Massive online open courses (MOOCs) are frequently confused with open education resources. MOOCs are free to enroll in, but the content of the course, the platforms, and related course materials are proprietary. Furthermore, MOOCs are increasingly following a “freemium” model in which the course may be free but students are charged a fee in order to obtain credit or certification for completing the course. Open resources, on the other hand, are openly licensed, meaning that a physics instructor can take the resources, adapt them (the community has already created more than thirty derivative versions of College Physics) and re-distribute to the community for free providing that they use the correct attribution. There is some interplay between OERs and MOOCs, however: OpenStax College texts have been assigned for students enrolled in MOOCs.
Challenges and Questions Remain
The initial adoption and reaction to OpenStax College Physics is very encouraging; however, the continued success of the underlying values of OER, much like proprietary content producers, will become increasingly dependent on “big data”. A current challenge is to produce intelligent adaptive systems that provide students with clear direction and personalized pathways through identified learning outcomes. This poses tremendous economic challenges at scale, but more troubling are the questions that emerge regarding the potential misuse of all the data this is being tracked. Why should data on student learning be proprietary? Wouldn’t systems get smarter if they were able to aggregate non-personalized data from the largest population pool? How will the use of proprietary system data be commercialized? How can open adaptive platforms provide alternatives that are driven more by learning theory than profit? Will an open software model like Red Hat and Linux work in the education market?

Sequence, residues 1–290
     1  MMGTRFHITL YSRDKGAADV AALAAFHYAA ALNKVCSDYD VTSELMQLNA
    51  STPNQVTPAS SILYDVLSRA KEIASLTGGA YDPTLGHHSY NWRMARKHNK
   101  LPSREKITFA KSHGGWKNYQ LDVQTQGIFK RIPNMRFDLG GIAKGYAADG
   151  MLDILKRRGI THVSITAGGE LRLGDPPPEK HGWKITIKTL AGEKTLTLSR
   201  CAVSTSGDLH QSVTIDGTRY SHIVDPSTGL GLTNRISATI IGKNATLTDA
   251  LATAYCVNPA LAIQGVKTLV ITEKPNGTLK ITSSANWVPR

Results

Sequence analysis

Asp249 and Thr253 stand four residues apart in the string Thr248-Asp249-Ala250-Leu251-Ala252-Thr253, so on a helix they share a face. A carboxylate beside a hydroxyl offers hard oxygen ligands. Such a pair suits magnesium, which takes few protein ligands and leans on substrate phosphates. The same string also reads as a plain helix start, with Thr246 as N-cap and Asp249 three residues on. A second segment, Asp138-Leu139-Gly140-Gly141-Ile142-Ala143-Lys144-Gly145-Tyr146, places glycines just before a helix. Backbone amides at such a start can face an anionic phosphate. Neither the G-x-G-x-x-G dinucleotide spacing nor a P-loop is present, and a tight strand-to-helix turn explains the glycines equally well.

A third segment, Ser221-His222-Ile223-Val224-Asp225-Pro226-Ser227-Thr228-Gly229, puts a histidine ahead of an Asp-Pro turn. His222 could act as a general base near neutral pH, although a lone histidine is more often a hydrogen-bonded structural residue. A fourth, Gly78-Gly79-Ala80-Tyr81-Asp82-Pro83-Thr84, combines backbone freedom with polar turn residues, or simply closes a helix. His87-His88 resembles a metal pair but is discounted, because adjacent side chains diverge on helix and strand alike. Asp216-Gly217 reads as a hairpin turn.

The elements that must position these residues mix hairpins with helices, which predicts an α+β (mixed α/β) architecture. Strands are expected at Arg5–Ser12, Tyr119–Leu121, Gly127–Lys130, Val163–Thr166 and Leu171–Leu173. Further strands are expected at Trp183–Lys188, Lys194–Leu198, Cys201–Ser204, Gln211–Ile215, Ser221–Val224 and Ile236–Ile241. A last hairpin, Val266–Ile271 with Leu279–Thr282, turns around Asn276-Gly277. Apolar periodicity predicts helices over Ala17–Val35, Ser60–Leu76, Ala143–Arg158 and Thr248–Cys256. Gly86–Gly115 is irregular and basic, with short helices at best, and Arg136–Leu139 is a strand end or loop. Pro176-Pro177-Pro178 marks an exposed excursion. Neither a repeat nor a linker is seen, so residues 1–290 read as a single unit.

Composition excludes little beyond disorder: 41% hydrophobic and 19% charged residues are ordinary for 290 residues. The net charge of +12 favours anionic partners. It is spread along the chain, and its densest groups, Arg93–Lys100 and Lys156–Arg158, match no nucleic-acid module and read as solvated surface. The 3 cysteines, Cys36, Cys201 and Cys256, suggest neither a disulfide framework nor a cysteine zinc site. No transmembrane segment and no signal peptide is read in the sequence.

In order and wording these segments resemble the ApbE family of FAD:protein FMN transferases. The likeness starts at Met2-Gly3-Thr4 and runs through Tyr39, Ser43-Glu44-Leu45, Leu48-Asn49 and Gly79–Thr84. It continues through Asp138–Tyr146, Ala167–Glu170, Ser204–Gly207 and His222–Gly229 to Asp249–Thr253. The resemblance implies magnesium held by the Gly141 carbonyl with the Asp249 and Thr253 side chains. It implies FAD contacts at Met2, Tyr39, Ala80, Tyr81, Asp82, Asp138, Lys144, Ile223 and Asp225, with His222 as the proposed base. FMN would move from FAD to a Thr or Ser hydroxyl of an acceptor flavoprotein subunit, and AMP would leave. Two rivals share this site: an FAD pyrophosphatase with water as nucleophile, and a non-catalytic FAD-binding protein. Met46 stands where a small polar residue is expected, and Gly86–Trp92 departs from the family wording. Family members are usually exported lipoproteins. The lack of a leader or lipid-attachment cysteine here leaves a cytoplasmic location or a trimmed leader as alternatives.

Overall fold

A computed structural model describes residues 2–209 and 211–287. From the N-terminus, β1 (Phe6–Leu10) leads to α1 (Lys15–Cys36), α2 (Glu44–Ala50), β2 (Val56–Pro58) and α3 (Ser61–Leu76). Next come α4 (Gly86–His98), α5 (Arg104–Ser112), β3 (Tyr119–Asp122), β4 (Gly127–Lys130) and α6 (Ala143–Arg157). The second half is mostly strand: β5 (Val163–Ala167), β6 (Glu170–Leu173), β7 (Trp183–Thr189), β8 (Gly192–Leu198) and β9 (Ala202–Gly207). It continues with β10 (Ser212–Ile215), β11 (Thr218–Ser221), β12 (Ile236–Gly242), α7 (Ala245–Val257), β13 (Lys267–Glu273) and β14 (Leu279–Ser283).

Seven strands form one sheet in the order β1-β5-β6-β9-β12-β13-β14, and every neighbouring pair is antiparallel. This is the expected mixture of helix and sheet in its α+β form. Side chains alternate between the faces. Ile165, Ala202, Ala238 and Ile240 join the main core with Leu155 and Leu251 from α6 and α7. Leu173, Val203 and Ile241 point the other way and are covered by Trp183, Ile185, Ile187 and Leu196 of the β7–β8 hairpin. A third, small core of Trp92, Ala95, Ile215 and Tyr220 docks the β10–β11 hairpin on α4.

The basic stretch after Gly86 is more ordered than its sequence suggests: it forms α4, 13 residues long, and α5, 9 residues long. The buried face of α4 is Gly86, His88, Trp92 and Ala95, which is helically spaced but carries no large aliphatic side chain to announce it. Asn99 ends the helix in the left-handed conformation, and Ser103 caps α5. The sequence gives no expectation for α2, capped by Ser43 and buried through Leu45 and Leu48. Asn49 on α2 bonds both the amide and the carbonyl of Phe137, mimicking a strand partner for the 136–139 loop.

These issues must be addressed as the usage of OERs becomes more prevalent. This requires continued development on content, working closely with the community to measure the effectiveness of the resources, and deploying emerging technology in a responsible way. At OpenStax College we look forward to working with the physics community on these issues in order to realize our mission of improving access to high quality resources for all students.
David Harris is a graduate of the University of Connecticut and has worked extensively in higher education publishing. Most recently David was the president of WebAssign, the largest independent online homework provider. At OpenStax College David hopes to contribute to the teams effort of improving access to high quality materials by working with authors, developers, and partners to substantially lower costs for students.
Disclaimer – The articles and opinion pieces found in this issue of the APS Forum on Education Newsletter are not peer refereed and represent solely the views of the authors and not necessarily the views of the APS.